When making a prognosis, it should be taken into account that carcinoma of the renal pelvis usually occurs in people over the age of 60. In many of those affected, the organism is weakened at an advanced age. In addition, there are often other diseases that can have an impact on further development. The general state of health of the patient is therefore decisive for the further course.

Surgical intervention and tumor treatment are necessary to alleviate the symptoms. The cancer must be completely removed to have any chance of relief. The operation and subsequent therapy are associated with numerous side effects and physical and emotional stress. There is a possibility of secondary diseases.

With a fundamentally healthy immune system and good health, the prospects are significantly improved. If no further complications occur during the surgical procedure, freedom from symptoms is possible.


It is important that the renal pelvis carcinoma is prevented in such a way that the patient can have any urinary stones and urinary tract infections treated quickly. If these diseases are not treated, chronic irritation develops, which can also promote tumor formation.


If the renal pelvis carcinoma was successfully treated, follow-up care takes place afterwards. Follow-up treatment in a rehabilitation or health clinic is considered helpful. There, the patient also receives psychological support and valuable insights into a conscious and healthy lifestyle.

One of the most important points of follow-up care is preventing a recurrence of the renal pelvis carcinoma. For this purpose, a check-up is carried out every three months for the first two years after the therapy. The doctor asks about the patient’s condition and performs a physical examination.

The controls include examinations of urine and blood. A sonography (ultrasound examination) is also carried out. A check of the abdominal region can be carried out using computed tomography (CT) or magnetic resonance imaging (MRI). X-rays of the chest are taken to exclude possible metastases in other parts of the body such as the lungs.

From the 3rd year after the end of the renal pelvis carcinoma treatment, the check-ups take place every six months. From the 5th year, only one examination per year is necessary. The examinations are carried out by the family doctor, a urologist or in the clinic where the therapy took place. However, the number of examinations also depends on the course of the disease and the individual state of health. If cancer recurrences, sequelae or accompanying diseases are found, they are treated immediately.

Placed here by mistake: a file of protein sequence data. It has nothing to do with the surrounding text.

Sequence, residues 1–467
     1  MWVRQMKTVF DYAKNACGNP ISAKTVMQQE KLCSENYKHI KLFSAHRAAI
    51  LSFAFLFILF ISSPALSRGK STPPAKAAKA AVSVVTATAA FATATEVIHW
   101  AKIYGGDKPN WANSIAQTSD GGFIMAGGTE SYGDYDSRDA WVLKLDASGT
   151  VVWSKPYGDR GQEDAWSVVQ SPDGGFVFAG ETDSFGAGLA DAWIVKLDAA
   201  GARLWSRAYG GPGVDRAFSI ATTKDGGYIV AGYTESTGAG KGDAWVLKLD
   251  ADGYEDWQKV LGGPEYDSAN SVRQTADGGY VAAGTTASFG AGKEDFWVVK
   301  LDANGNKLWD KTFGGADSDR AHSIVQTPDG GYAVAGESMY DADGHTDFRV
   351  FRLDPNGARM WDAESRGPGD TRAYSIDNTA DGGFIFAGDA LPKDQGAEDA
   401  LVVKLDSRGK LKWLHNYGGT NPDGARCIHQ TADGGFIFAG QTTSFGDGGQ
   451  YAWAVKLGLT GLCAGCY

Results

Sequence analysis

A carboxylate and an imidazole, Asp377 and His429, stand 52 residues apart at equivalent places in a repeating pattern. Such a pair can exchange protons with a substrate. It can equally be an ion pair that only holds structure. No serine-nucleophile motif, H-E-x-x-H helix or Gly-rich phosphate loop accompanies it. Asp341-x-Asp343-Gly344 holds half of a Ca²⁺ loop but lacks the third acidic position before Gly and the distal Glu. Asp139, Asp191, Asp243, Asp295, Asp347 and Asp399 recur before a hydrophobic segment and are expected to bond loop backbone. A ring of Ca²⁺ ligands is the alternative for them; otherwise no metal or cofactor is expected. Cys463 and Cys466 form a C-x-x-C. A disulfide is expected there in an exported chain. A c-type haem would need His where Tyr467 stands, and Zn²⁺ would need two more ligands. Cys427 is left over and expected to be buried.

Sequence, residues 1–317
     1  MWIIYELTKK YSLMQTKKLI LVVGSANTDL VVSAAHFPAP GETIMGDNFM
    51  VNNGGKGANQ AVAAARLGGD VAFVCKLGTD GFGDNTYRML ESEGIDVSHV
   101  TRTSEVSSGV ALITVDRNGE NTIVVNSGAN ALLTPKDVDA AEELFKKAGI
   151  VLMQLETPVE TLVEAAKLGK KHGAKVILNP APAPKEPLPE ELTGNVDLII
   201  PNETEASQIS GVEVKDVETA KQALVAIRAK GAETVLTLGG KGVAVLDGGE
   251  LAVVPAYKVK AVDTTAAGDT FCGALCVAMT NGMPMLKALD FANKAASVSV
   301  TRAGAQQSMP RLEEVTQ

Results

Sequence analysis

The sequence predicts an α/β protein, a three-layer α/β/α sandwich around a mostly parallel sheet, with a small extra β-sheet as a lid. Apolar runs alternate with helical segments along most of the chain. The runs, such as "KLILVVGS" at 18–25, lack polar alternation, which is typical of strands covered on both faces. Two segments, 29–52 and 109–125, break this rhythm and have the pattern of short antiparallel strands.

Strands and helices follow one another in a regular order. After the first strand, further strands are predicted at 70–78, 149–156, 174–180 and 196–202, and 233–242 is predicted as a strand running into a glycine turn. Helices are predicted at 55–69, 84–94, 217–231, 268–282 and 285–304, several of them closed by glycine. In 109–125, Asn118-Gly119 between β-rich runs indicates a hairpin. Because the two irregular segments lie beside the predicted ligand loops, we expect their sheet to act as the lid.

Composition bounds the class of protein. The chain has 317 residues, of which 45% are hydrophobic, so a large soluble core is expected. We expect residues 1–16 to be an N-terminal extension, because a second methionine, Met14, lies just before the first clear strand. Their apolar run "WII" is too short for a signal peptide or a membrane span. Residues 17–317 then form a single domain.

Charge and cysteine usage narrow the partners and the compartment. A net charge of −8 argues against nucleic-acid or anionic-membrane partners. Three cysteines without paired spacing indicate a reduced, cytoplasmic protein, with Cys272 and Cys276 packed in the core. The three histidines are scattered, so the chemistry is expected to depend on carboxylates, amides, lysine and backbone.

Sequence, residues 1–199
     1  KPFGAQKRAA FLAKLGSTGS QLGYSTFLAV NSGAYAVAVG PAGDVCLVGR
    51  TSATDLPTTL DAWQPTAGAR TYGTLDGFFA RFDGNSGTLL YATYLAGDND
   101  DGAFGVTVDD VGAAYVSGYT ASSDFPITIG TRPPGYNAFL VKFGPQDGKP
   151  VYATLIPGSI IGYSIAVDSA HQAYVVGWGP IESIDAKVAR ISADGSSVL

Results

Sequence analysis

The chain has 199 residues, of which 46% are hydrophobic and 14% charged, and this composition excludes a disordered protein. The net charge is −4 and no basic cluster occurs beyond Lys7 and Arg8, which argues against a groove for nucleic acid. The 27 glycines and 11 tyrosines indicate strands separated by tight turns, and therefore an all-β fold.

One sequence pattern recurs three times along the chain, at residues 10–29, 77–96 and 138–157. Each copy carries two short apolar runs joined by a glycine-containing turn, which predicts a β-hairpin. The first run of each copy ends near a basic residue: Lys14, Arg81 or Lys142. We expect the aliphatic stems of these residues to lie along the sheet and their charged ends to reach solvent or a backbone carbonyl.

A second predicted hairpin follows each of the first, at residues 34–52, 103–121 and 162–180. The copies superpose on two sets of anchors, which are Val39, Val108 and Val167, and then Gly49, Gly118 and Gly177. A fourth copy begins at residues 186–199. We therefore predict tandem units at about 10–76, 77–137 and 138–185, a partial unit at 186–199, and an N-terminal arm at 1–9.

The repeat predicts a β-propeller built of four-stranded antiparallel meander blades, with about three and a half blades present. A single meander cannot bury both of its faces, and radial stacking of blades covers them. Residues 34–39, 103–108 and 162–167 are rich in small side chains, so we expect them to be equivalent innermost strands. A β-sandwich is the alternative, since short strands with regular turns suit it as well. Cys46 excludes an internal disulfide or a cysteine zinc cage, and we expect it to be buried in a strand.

You can do that yourself

After being diagnosed with renal pelvic cancer, those affected need the support of friends and family. Doctors, psychologists and counseling centers are also available with tips to help you cope with everyday life. The most important thing is the return to work. Vocational rehabilitation is successful with the help of various advisory services that the family doctor can provide information about.

Since a renal pelvis carcinoma is usually treated with chemotherapy or radiation therapy, the patients suffer from side effects that affect both the internal organs and their appearance. Problems such as hair loss or scars can be treated with both medical preparations and natural remedies. In the area of ​​sexuality, the sufferers can also turn to a specialist in order to effectively treat typical problems such as erectile dysfunction. Last but not least, dealing with the diagnosis of cancer is also important. Especially in the early days, those affected have many questions and fears. These can be worked through in a self-help group or in a discussion with a psychologist.

All these measures can gradually improve the quality of life. In conjunction with comprehensive medical therapy, the self-help measures mentioned offer the patient the prospect of maintaining a higher standard of living despite the difficult diagnosis.